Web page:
Tuesday, March 10, 2015

Thrifty Thinking: How to Extend the Life of Your Washer & Dryer

By Sarah Kellner

When it comes to expiration dates, your mind probably goes to the gallon of milk in your fridge door, or maybe that ham hock in your freezer from Christmas. It might seem unfathomable, but your household appliances also have expiration dates, of sorts. The big difference is that you can drastically lengthen your appliances' lifespan with proper care and maintenance.
The biggest hurdle I had with understanding the concept of appliance maintenance was that even though these machines are designed to clean, they still need to be cleaned as well. I just figured that when I ran a cycle in the washer or dishwasher, it cleaned itself. As it turns out, the only appliance that is self-cleaning is your oven, and even that needs some help along the way.
Here are some basic tips for maintaining your washer and dryer, and extending their lifespans:
Washing Machine
Rubber drain hoses on washing machines are notorious for bursting and as a result, can cause major damage to your home and the machine itself.
The first thing you should do is make the swap from rubber to braided stainless steel mesh hoses, which are much stronger. Just be sure that when you change them out, you shut off the water supply, unplug the machine from the power outlet, and let whatever water may be sitting in the hose drain out into a bucket.
The other area to focus on for washing machine maintenance is the detergent dispenser drawer or door gasket on front-loading machines. Wipe out this area regularly and flush with water on top loaders, and wipe and dry the gasket on front loaders to keep it dry and free from mold and mildew.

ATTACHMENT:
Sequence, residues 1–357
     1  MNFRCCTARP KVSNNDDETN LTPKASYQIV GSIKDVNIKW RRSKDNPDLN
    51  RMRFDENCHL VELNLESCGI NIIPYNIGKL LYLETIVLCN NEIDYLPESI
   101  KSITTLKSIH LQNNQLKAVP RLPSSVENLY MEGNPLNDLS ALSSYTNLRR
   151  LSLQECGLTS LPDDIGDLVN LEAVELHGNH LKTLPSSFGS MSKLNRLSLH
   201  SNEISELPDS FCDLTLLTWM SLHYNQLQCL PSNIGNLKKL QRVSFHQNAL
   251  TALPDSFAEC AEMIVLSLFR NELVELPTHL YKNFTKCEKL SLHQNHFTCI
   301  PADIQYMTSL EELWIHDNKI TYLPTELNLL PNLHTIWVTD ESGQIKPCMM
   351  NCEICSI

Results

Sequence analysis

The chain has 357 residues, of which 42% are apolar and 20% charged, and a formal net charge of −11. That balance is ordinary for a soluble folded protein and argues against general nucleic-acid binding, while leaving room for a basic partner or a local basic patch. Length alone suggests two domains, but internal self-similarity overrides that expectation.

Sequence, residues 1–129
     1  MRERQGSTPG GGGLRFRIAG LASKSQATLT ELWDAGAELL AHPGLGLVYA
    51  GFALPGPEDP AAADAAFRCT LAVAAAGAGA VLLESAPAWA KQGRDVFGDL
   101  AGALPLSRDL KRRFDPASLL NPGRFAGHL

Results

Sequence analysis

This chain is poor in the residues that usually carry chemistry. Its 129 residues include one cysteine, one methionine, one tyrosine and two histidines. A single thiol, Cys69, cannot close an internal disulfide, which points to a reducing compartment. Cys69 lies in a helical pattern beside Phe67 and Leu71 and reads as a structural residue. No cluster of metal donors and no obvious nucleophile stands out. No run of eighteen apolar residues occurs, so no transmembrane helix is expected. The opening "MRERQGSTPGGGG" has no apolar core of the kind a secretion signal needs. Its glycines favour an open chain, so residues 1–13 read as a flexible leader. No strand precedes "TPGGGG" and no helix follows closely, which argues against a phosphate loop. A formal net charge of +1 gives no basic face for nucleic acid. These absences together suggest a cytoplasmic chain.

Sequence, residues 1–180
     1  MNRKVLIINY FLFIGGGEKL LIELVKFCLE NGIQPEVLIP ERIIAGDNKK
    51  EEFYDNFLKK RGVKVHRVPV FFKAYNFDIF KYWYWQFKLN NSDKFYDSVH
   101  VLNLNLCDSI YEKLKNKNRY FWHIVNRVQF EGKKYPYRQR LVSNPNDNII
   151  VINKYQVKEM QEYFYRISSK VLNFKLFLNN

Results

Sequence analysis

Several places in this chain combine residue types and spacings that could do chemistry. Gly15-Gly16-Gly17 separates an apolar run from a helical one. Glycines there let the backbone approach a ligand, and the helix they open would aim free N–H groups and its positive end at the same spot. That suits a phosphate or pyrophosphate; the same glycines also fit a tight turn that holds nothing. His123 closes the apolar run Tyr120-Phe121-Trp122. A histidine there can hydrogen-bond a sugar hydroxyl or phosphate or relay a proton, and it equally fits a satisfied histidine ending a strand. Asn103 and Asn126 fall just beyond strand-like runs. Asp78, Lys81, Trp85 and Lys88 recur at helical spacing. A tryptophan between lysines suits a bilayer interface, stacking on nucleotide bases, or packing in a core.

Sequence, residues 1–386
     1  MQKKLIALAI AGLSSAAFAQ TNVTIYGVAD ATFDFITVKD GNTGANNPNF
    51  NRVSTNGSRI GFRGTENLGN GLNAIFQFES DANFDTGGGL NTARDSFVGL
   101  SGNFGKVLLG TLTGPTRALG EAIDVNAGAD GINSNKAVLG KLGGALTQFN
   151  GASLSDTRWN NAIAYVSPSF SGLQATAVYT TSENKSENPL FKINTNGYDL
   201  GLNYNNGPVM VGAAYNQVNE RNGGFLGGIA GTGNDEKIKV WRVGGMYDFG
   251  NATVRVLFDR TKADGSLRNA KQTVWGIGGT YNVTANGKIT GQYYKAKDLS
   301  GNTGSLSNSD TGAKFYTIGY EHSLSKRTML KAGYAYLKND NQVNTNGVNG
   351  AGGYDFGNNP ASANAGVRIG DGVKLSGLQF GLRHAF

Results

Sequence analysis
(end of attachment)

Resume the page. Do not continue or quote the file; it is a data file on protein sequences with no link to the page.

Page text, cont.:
Clothes Dryer
I cannot stress this enough: clean the lint filter before every single load. Doing so will not only prolong the life of your dryer but will help to reduce the risk of fire from hot, dry lint buildup.
Another tip, similar to the rubber hoses on the washer, is if your dryer is connected to the vent with flexible plastic or foil ducting (you know, the kind that looks like the arm of a space suit?), replace it with semi-rigid metal duct. This will keep it from getting bent or crushed behind your dryer, which can inhibit airflow and also contribute to hazardous lint buildup.
Finally, make sure you regularly clean the inside of this ductwork to prevent lint collection as well.
What are your tried-and-true tips for keeping your washer and dryer alive and kicking? Share them with us in the comments!
Sarah Kellner writes on DIY appliance tips for The Home Depot. Sarah provides advice on kitchen appliances, as well as washers and dryers. For a large selection of washers available online, you can visit the Home Depot website here.

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